De Payens approached King Baldwin II of Jerusalem with eight knights, two of whom were brothers and all of whom were his relatives by either blood or marriage, in order to form the first of the Knights Templar.
The other knights were Godfrey de Saint-Omer, Payen de Montdidier, Archambaud de St. Agnan, Andre de Montbard, Geoffrey Bison, and two men recorded only by the names of Rossal and Gondamer. The ninth knight remains unknown, although some have speculated that it was Count Hugh of Champagne himself.
As Grand Master, he led the Order for almost twenty years until his death, helping to establish the Order's foundations as an important and influential international military and financial institution.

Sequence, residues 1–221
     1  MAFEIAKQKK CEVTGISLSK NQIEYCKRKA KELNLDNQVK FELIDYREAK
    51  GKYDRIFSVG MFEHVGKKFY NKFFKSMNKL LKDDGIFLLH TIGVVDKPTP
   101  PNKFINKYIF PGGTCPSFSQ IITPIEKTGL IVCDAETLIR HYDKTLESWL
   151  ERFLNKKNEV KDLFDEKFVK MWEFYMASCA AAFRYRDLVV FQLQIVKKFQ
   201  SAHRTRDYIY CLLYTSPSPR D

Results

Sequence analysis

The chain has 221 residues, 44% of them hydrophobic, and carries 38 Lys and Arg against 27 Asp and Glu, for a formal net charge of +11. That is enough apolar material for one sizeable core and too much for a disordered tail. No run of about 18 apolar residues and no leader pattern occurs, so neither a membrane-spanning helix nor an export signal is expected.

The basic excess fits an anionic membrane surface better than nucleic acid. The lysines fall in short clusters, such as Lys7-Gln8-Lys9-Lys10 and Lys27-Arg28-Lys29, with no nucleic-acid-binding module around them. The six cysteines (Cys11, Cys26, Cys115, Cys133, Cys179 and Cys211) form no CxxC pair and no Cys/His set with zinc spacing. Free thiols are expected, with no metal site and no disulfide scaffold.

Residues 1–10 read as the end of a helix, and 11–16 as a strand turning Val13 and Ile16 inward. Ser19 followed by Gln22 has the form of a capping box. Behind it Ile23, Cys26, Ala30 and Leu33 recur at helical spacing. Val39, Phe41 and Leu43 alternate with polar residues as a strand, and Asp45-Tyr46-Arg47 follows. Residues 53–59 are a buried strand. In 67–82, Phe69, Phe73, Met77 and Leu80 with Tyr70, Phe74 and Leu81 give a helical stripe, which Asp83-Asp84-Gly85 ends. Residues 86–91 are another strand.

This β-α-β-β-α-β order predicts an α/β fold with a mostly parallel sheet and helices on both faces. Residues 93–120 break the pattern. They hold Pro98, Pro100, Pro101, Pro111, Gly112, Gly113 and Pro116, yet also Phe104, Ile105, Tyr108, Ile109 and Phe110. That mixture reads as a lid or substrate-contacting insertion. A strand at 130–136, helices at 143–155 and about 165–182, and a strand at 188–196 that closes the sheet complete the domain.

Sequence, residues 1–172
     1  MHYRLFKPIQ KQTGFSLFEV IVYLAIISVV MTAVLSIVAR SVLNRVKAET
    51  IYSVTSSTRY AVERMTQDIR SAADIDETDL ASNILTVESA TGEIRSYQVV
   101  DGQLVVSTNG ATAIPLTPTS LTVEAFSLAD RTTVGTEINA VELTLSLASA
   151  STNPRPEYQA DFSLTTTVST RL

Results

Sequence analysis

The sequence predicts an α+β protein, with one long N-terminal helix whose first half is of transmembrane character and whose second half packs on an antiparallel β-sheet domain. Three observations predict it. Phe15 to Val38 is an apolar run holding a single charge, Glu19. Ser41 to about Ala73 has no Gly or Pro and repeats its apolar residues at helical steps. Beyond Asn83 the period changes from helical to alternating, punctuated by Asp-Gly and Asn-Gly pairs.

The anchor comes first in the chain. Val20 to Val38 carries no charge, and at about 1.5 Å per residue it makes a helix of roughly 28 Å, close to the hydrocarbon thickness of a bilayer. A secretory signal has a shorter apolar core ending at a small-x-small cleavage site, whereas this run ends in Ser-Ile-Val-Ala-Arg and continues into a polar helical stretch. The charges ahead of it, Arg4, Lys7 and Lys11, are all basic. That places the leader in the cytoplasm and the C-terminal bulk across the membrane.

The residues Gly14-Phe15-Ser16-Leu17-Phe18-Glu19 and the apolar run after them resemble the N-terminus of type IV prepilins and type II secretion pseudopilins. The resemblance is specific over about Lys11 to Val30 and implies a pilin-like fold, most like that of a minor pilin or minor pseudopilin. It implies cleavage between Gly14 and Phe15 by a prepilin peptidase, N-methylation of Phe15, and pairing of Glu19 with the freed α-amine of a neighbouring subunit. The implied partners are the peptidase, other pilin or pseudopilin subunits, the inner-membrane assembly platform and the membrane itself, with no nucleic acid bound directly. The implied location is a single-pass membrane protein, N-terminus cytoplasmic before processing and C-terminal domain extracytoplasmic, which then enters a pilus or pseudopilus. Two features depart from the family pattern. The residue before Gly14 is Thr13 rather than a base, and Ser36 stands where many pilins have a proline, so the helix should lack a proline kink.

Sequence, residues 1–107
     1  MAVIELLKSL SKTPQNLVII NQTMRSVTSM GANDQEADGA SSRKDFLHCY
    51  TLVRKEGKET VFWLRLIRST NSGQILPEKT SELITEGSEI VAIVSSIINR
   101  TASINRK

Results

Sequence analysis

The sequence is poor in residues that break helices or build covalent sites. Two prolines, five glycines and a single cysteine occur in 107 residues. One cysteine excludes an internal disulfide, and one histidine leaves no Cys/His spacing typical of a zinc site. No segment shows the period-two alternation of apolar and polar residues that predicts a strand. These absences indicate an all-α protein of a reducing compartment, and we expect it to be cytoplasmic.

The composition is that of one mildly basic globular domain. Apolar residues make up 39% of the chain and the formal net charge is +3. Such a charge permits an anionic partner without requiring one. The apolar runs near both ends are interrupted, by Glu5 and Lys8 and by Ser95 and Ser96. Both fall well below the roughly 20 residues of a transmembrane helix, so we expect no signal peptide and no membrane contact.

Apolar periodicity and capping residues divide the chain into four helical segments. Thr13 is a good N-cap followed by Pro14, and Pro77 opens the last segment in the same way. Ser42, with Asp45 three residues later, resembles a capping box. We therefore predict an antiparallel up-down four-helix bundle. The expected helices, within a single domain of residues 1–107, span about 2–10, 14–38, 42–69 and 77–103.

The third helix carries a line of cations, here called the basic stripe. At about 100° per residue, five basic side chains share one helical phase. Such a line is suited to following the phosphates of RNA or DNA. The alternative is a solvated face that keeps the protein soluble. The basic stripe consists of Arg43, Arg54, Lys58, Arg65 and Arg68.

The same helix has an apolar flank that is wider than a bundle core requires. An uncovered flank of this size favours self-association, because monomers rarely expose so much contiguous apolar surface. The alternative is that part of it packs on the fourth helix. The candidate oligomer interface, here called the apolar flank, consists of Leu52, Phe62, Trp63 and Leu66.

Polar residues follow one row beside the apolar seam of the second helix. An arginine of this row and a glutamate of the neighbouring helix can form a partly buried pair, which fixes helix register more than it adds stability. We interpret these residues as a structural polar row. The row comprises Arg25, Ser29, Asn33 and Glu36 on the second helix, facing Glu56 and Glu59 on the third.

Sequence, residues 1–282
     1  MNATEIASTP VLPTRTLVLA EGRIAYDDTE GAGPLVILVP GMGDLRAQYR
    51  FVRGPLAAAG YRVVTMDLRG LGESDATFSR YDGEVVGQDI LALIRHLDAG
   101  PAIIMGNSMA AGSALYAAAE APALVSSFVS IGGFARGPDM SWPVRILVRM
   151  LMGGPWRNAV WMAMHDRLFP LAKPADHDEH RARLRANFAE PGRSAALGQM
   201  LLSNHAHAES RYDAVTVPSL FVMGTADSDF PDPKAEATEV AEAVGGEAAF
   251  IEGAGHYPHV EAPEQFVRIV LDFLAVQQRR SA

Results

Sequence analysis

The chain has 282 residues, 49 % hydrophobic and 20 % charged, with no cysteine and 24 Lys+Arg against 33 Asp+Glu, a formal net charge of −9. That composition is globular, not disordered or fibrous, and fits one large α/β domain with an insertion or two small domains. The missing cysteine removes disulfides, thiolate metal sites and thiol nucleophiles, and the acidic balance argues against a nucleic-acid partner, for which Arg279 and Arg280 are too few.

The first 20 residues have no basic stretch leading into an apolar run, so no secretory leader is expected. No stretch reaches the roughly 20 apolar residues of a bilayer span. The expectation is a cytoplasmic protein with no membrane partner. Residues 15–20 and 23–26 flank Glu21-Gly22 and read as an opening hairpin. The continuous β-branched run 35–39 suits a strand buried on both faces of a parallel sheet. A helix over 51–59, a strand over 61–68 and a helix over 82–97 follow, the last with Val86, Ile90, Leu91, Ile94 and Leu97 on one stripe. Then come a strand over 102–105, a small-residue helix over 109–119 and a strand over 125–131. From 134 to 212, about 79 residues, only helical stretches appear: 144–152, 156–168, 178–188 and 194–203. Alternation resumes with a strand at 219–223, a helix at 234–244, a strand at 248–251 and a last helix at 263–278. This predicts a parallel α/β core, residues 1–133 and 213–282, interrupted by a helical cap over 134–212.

On his visit to England and Scotland in 1128, he raised men and money for the Order, and also founded their first House in London and another near Edinburgh at Balantrodoch , now known as Temple, Midlothian.
A biography of Hugues de Payen by Thierry Leroy identifies his wife and the mother of his children as Elizabeth de Chappes. The book draws its information on the marriage from local church cartularies dealing chiefly with the disposition of the Grand Master's properties, the earliest alluding to Elizabeth as his wife in 1113 and others spanning Payen's lifetime, the period following his death and lastly her own death in 1170.